My coworker and I decided to see how much a household’s income had to be in order to rent a nice television. While she posed as a someone who had recently been fired from her job and I posed as a disabled veteran who had just returned from my second tour in Iraq, I indicated to a rent-to-own employee that I receive only $500 per month (PER MONTH!) in disability pay. I discussed that I had severe mental trauma from my time in the Middle East and that I didn’t know how long my disability would last, but I just wanted to get a television for our new one room apartment. Here is how the conversation went:
Me: So, I just make about $500 a month in military disability – what can I qualify to rent from you all? That’s a nice tv there, how much?
Employee: $39.99 per week… do you have a stand to put it on?
Me: Nope, not stand. How much per month?
Employee: Well, let me check on what kind of a deal I can get for you. How much do you want to spend at a maximum?
Me: Around $150 – again, you don’t have a max amount you’ll rent to me since my income is so low?
Employee: Nope, as long as you are comfortable, that’s all.
Me: Oh, and my credit is wrecked, is that cool?
Employee: Yep, no credit check allowed, just need a proof of your residence and disability verification. People on disability rent from us all the time so it’s no problem.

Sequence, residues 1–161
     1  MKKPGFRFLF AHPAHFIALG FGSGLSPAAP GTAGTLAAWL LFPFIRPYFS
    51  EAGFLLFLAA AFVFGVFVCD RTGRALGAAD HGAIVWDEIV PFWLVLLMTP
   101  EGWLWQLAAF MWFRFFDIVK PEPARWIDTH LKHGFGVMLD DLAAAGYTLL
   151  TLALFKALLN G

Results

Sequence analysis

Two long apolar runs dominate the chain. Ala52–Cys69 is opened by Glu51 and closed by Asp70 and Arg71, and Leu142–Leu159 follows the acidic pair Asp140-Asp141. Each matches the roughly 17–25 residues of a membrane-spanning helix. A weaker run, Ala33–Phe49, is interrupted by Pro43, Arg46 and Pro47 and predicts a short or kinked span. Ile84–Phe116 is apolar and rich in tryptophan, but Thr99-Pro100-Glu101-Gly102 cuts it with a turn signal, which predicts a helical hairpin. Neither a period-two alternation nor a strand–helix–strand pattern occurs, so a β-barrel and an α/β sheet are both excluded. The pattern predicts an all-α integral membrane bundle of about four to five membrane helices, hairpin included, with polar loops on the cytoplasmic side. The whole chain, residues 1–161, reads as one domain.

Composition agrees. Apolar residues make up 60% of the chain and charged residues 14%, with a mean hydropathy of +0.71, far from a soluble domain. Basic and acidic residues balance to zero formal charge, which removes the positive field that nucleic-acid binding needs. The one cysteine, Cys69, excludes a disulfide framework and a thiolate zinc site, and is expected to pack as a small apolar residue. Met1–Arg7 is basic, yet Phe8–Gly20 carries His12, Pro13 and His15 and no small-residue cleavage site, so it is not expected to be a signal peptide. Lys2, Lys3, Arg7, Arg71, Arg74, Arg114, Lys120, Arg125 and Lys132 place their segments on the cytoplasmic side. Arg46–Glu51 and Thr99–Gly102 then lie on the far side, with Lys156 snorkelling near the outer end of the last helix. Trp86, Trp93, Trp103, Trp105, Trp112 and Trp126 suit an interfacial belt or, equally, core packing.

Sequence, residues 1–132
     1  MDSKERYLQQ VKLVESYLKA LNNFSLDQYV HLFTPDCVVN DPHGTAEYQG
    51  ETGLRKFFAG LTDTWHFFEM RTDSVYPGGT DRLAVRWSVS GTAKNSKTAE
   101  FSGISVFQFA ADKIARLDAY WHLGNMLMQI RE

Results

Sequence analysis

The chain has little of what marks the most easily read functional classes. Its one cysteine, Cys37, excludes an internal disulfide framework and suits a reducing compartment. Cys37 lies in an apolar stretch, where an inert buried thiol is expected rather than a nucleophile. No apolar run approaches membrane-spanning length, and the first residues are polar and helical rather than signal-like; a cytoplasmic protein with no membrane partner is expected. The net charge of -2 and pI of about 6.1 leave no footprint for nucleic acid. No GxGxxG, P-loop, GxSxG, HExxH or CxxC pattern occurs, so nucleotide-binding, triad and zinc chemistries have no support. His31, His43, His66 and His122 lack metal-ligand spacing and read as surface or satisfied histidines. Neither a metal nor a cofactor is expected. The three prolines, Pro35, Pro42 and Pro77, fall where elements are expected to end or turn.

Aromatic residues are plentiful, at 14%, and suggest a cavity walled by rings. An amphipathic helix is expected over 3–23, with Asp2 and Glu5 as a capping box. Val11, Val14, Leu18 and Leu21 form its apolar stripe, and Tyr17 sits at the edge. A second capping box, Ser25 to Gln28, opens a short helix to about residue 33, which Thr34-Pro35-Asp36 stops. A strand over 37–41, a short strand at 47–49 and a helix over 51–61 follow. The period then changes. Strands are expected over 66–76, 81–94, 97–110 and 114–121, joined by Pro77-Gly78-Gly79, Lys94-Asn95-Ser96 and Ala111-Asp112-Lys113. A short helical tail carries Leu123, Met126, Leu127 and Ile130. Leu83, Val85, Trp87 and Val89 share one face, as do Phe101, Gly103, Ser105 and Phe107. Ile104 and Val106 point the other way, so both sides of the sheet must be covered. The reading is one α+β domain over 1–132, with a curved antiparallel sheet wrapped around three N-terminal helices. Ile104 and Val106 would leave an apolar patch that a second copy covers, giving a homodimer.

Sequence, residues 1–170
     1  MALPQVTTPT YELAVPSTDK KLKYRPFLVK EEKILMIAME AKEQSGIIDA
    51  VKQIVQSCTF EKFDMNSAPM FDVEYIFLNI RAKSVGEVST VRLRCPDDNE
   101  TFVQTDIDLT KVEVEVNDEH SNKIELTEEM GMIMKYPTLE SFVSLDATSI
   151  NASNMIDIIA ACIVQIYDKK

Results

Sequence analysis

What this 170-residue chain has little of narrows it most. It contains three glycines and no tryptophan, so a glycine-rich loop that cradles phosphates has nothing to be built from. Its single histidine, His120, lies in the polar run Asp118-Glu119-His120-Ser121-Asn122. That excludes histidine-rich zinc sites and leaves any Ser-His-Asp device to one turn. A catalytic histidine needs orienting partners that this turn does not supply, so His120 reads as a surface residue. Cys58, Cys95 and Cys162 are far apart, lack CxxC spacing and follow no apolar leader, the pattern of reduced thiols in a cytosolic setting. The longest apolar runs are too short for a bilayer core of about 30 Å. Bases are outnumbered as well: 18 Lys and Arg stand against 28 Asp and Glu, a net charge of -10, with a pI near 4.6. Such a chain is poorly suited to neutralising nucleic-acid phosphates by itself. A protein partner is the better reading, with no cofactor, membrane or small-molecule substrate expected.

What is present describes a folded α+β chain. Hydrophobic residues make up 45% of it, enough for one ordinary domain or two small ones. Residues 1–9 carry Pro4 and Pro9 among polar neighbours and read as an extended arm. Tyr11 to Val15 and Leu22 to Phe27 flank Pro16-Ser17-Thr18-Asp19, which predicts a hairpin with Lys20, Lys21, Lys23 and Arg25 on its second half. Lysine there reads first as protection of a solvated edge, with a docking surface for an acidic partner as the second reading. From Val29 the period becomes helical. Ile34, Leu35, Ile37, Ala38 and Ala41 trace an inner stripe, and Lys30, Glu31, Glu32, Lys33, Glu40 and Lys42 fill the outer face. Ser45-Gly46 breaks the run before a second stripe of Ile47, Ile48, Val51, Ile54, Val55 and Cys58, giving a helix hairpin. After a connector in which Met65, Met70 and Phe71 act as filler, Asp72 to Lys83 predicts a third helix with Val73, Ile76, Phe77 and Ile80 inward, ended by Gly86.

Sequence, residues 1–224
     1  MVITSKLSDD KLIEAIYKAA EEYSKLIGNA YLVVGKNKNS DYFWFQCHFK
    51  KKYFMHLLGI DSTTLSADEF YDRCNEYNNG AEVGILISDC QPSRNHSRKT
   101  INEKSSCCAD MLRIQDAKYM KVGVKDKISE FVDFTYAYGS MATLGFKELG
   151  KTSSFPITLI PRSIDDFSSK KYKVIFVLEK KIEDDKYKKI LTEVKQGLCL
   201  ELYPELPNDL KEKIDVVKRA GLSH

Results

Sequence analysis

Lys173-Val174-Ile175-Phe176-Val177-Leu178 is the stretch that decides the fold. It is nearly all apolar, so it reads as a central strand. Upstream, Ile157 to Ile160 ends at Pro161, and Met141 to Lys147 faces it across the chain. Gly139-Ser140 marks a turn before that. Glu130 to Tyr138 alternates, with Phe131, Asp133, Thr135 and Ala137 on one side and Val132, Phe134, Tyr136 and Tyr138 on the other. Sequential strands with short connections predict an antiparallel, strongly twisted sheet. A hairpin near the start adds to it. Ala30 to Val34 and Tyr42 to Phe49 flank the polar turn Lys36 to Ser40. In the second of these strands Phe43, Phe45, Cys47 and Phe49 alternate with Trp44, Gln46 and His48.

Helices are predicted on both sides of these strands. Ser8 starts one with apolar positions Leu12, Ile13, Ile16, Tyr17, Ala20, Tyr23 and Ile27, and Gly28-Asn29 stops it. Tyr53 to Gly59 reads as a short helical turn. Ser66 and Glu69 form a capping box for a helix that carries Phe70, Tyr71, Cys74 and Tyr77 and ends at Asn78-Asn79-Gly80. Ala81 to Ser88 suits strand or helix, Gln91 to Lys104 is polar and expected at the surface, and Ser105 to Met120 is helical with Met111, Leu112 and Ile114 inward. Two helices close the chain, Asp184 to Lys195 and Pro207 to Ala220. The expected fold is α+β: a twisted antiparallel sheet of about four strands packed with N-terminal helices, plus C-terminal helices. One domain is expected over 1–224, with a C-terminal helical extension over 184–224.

Me: Well that makes me feel better that you rent to people on disability. Thanks… Let me know what kind of deal you can get me – again, just want to spend around $150.
[wait about 3 minutes]
Employee: Well, I can get you that 52” tv with a stand for $179 per month…. How about that?
Me: Let me think about it.
Employee: Well, let me get you an application..
Me: Thanks – I’ll be in touch.
If we charge people so much for something as simple as a tv, what kind of access do they have to things like housing or even healthcare?
While it might be easy to think that this is an isolated incident, we went to four different rent-to-own places that day and every single one gave us the same story – no credit, low-income, no problem. We also went into a car title loan place where I was quoted an annual interest rate of 120% or more. At a tax service place, I was quoted an interest rate of 125% if I wanted to get my tax refund TODAY. When asked what percentage of customers get the ultra-high-interest refund anticipation loans, the employee said ‘the majority of all of our customers’. To every place we went that day, we got the same feeling; we were being charged more because we were poor. Even when reporting that I was a disabled veteran that served two tours in Iraq with a measly $500 per month in income, I was told the same thing: ‘you’re approved…. But it’ll cost a bit more than everyone else.’
It’s easy to disregard these examples and think that someone can easily work their way out of poverty and that opportunity abounds for all. However, when we place such a premium on those who are poor (paying $179 per month for a tv when I’m making $500 in disability income, or paying 125% for a small loan to make ends meet), the prospect of success and moving upward through society becomes bleak. Instead, people become trapped in poverty while an entire segment of our economy prospers at the expense of those who “made the personal choice to be poor”. Heck, 60% of Americans can’t be wrong. Can they?